“If it becomes a vehicle for them, it becomes less attractive for us,” Cramer said.

“If we don’t keep it tight, it’s going to get out of hand.”

A third meeting is scheduled for Wednesday.

Read more about Monday’s meeting here.

Inside, Lake Powell’s release is delayed amid a drought

The Home Office announced Tuesday it would postpone a planned release of water from Lake Powell as a measure to address a drought that has brought the reservoir’s waters to unprecedented levels.

According to the announcement, the department’s Bureau of Reclamation will withhold nearly 480,000 acre-feet of water in the Colorado River reservoir before release.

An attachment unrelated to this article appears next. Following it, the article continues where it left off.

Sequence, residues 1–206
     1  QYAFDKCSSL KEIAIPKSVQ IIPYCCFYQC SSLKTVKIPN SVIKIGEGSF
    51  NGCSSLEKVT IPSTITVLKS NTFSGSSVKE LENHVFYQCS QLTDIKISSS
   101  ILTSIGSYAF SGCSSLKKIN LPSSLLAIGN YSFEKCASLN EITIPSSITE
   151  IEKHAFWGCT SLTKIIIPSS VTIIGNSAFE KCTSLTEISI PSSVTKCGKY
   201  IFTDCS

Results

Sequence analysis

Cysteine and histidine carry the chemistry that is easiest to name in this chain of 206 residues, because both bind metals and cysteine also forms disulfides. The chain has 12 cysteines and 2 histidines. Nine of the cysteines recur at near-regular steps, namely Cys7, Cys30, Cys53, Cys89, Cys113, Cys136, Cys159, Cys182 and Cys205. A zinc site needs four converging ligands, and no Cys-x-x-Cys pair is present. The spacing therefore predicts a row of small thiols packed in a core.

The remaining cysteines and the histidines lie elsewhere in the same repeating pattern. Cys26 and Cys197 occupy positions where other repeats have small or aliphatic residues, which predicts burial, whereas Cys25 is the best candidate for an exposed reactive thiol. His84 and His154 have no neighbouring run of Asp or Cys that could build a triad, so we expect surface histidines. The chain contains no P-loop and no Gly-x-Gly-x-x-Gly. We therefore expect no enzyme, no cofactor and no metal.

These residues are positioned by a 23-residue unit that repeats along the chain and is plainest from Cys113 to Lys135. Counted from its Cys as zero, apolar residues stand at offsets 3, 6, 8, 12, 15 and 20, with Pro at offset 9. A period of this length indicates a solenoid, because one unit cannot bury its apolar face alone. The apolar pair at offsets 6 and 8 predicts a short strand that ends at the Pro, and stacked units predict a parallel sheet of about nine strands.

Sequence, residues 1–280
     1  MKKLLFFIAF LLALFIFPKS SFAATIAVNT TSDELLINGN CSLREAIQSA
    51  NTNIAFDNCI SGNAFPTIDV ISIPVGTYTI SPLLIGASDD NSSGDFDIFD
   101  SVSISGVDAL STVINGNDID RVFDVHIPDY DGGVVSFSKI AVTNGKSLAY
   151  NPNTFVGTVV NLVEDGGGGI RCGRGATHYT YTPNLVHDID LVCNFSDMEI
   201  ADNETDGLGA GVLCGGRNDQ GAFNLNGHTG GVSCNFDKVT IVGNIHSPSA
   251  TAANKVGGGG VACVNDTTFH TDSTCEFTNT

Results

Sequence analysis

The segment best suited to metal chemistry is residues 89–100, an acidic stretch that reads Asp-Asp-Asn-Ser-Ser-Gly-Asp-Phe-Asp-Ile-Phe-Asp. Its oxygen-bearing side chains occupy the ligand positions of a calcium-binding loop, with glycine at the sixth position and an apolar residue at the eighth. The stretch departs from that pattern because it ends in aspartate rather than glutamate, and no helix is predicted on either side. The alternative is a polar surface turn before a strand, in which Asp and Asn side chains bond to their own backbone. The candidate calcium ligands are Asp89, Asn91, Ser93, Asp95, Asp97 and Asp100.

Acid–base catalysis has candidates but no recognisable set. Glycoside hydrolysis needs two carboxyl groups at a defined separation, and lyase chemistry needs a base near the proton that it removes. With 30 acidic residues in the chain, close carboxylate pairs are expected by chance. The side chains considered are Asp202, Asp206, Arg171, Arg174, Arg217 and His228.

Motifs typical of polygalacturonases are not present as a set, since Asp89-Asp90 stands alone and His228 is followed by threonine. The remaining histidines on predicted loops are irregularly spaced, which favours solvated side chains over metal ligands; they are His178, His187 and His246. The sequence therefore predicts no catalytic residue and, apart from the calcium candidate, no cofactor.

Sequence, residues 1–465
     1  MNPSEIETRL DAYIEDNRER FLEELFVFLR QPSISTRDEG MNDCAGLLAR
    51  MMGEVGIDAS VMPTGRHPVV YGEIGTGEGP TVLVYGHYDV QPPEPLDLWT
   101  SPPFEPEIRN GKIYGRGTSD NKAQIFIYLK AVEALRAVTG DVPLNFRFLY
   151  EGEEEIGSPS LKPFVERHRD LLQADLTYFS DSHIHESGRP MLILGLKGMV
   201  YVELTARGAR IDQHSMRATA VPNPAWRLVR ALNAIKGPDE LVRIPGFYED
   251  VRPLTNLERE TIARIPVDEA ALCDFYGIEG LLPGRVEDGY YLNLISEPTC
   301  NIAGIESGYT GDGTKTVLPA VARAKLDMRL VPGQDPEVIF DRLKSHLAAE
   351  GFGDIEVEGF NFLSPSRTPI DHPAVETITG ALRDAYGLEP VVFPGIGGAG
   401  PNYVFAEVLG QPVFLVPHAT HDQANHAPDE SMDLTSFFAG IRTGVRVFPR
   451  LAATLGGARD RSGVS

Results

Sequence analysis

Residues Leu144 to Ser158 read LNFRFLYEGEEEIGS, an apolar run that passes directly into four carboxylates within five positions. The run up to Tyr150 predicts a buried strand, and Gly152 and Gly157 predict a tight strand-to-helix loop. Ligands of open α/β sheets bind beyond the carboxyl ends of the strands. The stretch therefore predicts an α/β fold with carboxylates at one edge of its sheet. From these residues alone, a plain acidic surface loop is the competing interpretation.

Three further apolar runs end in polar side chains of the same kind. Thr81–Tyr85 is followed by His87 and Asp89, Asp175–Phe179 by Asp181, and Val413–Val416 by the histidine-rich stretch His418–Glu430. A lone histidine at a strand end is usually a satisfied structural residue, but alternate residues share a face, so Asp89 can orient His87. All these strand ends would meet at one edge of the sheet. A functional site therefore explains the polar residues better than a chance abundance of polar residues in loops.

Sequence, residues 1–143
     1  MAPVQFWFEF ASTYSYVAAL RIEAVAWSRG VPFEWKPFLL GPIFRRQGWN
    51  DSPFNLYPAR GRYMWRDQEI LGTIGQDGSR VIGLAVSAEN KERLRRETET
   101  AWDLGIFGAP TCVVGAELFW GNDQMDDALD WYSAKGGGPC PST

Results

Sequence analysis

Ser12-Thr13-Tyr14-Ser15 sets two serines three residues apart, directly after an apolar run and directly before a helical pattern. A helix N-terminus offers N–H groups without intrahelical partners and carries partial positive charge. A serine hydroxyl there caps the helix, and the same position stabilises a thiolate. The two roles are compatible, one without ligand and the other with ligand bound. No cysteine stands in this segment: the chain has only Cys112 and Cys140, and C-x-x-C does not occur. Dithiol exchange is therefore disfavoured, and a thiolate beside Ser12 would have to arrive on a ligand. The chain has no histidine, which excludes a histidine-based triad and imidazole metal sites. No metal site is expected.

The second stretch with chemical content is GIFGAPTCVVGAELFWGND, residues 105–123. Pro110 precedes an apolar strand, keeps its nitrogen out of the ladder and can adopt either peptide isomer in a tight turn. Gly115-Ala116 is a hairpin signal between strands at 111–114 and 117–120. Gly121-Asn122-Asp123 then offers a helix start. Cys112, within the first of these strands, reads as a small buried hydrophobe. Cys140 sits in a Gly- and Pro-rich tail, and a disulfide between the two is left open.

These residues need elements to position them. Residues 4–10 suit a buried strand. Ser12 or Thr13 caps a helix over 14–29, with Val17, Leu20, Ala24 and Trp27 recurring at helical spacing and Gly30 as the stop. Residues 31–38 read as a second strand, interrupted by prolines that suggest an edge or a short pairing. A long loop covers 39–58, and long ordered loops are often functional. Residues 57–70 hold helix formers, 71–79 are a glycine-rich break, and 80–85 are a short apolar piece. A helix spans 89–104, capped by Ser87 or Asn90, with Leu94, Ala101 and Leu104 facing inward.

Lake Powell is currently at an unprecedented low surface elevation of 3,522 feet. The minimum level at which Glen Canyon Dam can generate hydroelectric power is 3,490 feet, according to the Bureau.

Normally, the water would be discharged downstream to Lake Mead, the Colorado River’s other major reservoir. Interior forecasts that water retention will support the reservoir for another 12 months.

In addition to withholding the release, Interior Department officials will also release approximately 500,000 acre-feet from the upstream Flaming Gorge reservoir into the reservoir.

“Today’s decision reflects the truly unprecedented challenges facing the Colorado River Basin and will provide operational security for the next year. All who depend on the Colorado River must continue to work together to reduce usage and consider additional proactive measures we can take to rebuild our reservoirs over the coming months and years,” said the Assistant Secretary of State Water and Science, Tanya Trujillo, in a statement.

Read more about the move here.